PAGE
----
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The International Institute for Science, Technology and Education (IISTE) , International Journals Call for papaers: http://www.iiste.org/Journals

The International Institute for Science, Technology and Education (IISTE) , International Journals Call for papaers: http://www.iiste.org/Journals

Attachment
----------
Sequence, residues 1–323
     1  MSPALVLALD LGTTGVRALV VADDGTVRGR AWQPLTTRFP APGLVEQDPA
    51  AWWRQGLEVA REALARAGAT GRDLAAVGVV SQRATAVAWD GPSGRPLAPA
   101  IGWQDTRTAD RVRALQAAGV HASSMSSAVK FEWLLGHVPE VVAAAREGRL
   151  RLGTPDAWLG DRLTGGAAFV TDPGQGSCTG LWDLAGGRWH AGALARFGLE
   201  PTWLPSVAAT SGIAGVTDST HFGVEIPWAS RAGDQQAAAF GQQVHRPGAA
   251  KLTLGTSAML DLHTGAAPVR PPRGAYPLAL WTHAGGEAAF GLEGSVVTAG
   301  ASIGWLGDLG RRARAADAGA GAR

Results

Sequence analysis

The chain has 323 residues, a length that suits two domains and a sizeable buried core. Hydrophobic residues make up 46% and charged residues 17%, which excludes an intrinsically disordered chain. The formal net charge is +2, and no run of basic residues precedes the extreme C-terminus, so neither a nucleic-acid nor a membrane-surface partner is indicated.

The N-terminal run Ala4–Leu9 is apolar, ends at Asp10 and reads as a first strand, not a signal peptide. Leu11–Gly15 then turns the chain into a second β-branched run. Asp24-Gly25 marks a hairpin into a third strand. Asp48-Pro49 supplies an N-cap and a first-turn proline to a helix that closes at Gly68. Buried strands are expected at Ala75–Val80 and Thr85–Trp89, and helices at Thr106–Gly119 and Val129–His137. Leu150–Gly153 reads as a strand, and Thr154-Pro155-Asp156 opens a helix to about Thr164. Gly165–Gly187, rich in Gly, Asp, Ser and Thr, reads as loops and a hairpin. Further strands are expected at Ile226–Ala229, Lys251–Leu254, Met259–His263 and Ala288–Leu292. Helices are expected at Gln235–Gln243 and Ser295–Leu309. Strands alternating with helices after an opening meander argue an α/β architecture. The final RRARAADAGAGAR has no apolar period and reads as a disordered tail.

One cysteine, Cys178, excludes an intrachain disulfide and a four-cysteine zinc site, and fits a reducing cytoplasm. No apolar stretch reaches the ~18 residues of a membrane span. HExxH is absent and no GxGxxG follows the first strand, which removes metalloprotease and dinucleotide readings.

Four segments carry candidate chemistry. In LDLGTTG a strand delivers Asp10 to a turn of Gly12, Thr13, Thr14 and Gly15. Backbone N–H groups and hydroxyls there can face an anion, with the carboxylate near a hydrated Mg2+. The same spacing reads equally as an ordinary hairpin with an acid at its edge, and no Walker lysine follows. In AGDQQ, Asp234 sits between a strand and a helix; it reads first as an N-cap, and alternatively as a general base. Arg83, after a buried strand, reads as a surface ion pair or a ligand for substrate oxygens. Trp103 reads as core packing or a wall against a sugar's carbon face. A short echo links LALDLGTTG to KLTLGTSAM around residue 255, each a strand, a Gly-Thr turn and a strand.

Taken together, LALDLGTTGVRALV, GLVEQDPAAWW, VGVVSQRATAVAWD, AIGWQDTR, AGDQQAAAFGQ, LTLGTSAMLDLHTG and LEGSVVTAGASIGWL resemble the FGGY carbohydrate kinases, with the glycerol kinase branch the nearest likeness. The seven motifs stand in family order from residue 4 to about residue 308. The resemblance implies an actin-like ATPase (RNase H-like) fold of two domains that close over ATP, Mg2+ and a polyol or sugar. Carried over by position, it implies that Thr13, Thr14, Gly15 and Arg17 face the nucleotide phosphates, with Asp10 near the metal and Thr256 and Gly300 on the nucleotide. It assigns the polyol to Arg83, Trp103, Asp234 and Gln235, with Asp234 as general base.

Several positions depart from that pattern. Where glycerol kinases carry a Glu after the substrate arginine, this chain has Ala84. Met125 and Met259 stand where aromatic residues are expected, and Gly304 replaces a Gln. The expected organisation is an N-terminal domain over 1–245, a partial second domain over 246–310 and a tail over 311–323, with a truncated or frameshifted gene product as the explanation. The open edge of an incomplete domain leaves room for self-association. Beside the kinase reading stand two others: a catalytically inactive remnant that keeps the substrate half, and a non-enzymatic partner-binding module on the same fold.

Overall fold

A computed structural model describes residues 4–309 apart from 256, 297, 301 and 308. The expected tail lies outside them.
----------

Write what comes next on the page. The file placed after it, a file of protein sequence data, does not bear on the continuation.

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  • Journal of Education and Practice www.iiste.orgISSN 2222-1735 (Paper) ISSN 2222-288X (Online)Vol 2, No 7, 2011 Influence of High Impact Teaching Skills on the Teaching - Learning Process in Engineering Education JAYAPRAKASH JALA Academic Staff College, VIT University, Vellore, Tamil Nadu, India, Tel: +919600299184 Email: jjayaprakash@vit.ac.in ADITHAN MUNIRATHNAM Academic Staff College, VIT University, Vellore, Tamil Nadu, India Tel: +91-416-2202481 email id : madithan@vit.ac.inReceived: October 12th, 2011Accepted: October 20th, 2011Published: October 30th, 2011AbstractTeaching in higher education institutions is becoming more and more critical and intricate with each newgeneration of students entering the portals of higher education. Academic Staff College at VIT University, fromtime to time, has been organizing a range of training programmes and faculty empowerment workshops for itsfaculty, newly recruited and faculty who are already serving. During the training sessions, it has been observedthat there are some specific soft skills desired to be possessed by engineering teachers, in addition to theirdisciplinary knowledge and subject matter expertise. These skills are: creating a positive impression, simplifyingcomplex information, use of analogies, communicating with greater impact, responding to difficult class roomsituations and inspiring peers and students to embrace change. In addition, generic communication skills such asuse of appropriate body language and gestures, confidence, presentation of information in a logical and methodicalmanner, showing empathy and concern and listening skills are also required for engineering teachers. The authorshave designed and implemented a model in a training environment to impart these soft skills and training in acomprehensive manner. The training methodology adopted, analysis of the observations made, the key learningsand the challenges that lie ahead for the successful development of soft skills amongst the engineering educatorsand teacher trainers are presented in this paper.Keywords: engineering education, training, soft skills, communication skills, using analogies, class roomsituations, inspiring to embrace change.1.0 IntroductionFor engineering educators and teachers, there exists, just like technical skills or “hard” skills, a corresponding setof “soft” skills. These soft skills are a collection of methods and techniques by which an engineering teacher caninfluence the behaviour of his students in a way that enhances his enlightened self-interest. Soft skills enable thebuilding of alliances with the learners with the appropriate amount of trust. Barry Blesser (2009) cites that softskills reveal the degree to which points of discussion align or conflict. In management education, negotiationtechniques are considered as soft skills. Similarly, in human resources management, conflict resolution is a softskill. For supervisors and shop mangers motivating co-workers is a soft skill. Soft skills enable us to function athighest level when dealing with people and organizations. Effective leaders have a tool box of soft skills thatinduces others who want to follow them. With inadequate soft skills, hard skills (or) technical skills are rarely 46